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Transformers: The Game - Transformers: The Game
To make things worse, the game’s difficulty level is all over the place, and for all the wrong reasons. It’s actually quite hard to die from health loss; there’s usually a power-ups knocking around within easy range, while others can be gathered from felled enemies, either human vehicles or robot. No, the problem here is time restrictions. Most missions require you to get to the next action area within a time limit or you fail, and some ask you to complete your objectives within a set period.
Sometimes this is fine, but get caught up in an ad-hoc skirmish, find yourself stuck behind scenery or take the wrong route through the city, and you can fluff the entire mission in moments. To make this even more annoying, the game doesn’t checkpoint you during the mission, so if you blow the countdown near the end of a five-stage epic, tough. You’re going to have to do the whole caboodle once again. Given that the missions already give you deja-vu on the first attempt, this isn’t exactly a great design decision.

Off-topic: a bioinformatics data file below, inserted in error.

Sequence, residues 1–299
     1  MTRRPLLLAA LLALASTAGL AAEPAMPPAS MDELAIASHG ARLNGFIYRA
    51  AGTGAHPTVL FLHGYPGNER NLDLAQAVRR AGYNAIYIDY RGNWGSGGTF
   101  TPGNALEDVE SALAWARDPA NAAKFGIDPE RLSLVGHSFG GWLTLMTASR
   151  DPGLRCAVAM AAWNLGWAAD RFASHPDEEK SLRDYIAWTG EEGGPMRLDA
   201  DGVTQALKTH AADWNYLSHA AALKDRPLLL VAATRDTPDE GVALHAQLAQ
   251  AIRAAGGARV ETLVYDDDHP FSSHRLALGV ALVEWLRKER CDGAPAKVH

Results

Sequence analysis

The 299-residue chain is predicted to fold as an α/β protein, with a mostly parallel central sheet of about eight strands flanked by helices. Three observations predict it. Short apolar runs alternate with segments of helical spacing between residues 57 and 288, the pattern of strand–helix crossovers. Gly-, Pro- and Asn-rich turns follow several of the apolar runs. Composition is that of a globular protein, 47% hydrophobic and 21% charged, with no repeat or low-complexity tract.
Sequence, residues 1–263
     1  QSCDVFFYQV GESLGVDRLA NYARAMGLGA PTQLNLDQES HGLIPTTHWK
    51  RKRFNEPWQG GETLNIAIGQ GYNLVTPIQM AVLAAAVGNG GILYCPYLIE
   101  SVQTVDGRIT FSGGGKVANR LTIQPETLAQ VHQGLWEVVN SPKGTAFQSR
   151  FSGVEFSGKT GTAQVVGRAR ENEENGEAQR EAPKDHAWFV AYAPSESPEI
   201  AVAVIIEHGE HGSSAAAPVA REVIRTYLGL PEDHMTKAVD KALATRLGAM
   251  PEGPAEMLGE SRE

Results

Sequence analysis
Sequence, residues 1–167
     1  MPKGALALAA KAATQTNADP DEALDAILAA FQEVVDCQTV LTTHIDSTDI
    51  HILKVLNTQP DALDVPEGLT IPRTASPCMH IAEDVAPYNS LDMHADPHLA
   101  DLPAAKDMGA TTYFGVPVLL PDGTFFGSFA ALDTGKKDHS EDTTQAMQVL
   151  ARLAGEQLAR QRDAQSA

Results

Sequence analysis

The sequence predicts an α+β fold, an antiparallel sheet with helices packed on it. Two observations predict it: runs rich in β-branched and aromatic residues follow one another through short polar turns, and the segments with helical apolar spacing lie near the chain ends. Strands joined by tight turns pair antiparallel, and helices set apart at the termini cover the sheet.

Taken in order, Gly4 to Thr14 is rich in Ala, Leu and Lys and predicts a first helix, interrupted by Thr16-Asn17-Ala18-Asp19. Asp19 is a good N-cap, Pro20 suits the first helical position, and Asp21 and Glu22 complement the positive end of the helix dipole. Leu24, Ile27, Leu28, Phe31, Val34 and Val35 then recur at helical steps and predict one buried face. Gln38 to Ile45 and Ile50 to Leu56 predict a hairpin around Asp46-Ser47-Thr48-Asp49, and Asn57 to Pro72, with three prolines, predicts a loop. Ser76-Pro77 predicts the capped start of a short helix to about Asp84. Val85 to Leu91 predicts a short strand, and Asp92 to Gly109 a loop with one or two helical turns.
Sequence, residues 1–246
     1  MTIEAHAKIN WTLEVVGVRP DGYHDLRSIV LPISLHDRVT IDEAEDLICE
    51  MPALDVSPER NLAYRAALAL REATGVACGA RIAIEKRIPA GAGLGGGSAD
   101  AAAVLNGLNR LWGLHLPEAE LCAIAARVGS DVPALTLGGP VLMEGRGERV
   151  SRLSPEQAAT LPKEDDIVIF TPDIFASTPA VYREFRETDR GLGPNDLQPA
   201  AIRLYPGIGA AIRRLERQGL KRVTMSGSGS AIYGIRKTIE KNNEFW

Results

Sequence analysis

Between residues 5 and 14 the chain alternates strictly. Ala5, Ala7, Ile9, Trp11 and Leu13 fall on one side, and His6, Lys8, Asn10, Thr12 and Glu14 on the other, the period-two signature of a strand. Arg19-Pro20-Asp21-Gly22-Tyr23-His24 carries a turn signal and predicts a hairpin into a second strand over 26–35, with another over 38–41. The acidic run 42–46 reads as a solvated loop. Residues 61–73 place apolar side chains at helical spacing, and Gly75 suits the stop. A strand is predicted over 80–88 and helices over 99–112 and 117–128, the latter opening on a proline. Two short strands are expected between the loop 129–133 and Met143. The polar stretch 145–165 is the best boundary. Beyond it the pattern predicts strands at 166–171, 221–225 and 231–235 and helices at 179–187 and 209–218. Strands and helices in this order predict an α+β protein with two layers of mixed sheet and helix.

The more you play, the more you’ll also notice how generally ropy the physics engine is – horrible car handling rules OK – and how limiting the combat system is as well. The weaker robots – dubbed drones – can be dispatched with just a few blows, while named characters have formidable strengths (usually a seemingly unbeatable melee defence or special attack) but also an Achilles heel that, once spotted, soon leads to their easy demise. The only challenge here is spotting the weakness, particularly when logic has so little part to play. You can see, for instance, that Barricade needs to be knocked off his feet before you can get past his defences, but how are you meant to know that the only way to deal out damage is to pick him up and throw him around? Why do your blows have no effect on his health guage?
Now, you’d think that having a choice of campaigns would give you more variety, but in fact there’s no real change in gameplay from one to the other. Some Decepticons can fly, which should be cool, but at these points the game turns into a dodgy version of the old 16-bit favourite, Thunderhawk, with even more silly than normal time-restricted missions like ‘blow up twenty planes in three minutes’.
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